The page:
In the above 8th Grade photo, you may see more of the “player” (especially if you note the scab on the end of the nose) than the budding writer. I do! But I think, also, what can be seen is a happy, family-oriented person growing and finding out who she might become.
It wasn’t quite the right timing in American culture in the 1960s for me to become a “player”. Unfortunately, that ambition on my small farm community stage served mostly to enrapture me to the point that it distracted me from actively pursuing writing as a career choice. The choice of writing was possible and available, but the sports distraction at this time was too great.
I chose to write only about sports — horse racing and baseball and basketball, primarily — when I wasn’t playing sports.
My Dad and the two brothers between whom I grew up were great competitors. They taught me grit and grind and that practice makes perfect and to compete as though one’s life depended on it — to win. All of this I did with all my bodily fiber.
We played two-on-two, or one-on-one (depending on the available personnel), in the hayloft that Dad had fenced off with chicken wire to keep the basketball from bouncing out of the court down to the barn floor some ten feet below. We broke through the hayloft’s thick floor boards on hard rebounds, grunted, jostled, and screamed through games that determined little more than bragging rights. We all were players.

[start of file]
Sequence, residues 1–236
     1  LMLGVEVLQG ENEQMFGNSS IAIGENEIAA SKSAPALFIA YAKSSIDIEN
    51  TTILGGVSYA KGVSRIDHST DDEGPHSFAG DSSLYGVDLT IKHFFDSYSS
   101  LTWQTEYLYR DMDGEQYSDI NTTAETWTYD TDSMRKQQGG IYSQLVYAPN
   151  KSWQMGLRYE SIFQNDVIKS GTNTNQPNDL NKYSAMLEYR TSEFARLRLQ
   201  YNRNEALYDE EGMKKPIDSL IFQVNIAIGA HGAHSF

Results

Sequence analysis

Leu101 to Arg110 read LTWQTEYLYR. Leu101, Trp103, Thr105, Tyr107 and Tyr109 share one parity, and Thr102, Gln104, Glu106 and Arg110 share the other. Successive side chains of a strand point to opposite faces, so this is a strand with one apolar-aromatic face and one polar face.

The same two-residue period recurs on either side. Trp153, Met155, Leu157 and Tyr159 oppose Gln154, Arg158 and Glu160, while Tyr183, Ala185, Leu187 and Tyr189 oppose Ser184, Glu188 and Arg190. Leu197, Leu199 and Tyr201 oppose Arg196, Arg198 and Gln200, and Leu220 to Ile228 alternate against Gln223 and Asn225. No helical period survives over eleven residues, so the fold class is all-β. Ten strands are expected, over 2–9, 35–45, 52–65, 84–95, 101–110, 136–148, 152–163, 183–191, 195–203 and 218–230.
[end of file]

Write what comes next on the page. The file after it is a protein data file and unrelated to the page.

In Summer, we played the old baseball “three dollars” game. One player self-hit the ball to the others, with a catch in the air being worth a dollar. A one-bounce catch equaled a value of 75 cents, two bounces earned 50 cents, and a ground ball paid 25 cents. The first player to score three dollars worth of balls then went to the batter’s box and the game started over. I always scraped more skin off my knees on the barnyard driveway going for catches than my brothers did. But they tolerated my competitive spirit.
We played those games endlessly.
In high school, I became totally immersed in our school’s Intra-mural Basketball League. It was my main sports outlet with persons other than family members because our school had no “girls teams” in uniform to play other schools in sanctioned competition in the ’60s. In our voluntary Intra-mural Basketball League — one for boys and one for girls — classes played each other in 10-minute games on our lunch periods. It was serious business, with records being kept and championships being held at the end of “league” play. My class won the girls’ title every year of our last three years of high school.
All this sports distraction became obsessive and led to my doing less writing, although at no point in my life did I ever abandon the written word, or lose my passion for it. In later years, too, I realized I had probably missed my chance to become one of the first female sports broadcasters, or some other person of interest in the sporting ranks.
So my next writing stardom after stalagmite and stalactite fame was modest. I won an award as a high school Freshman in an American Legion essay contest on Democracy and Americanism.
By then, my English teachers had begun to notice my writing abilities.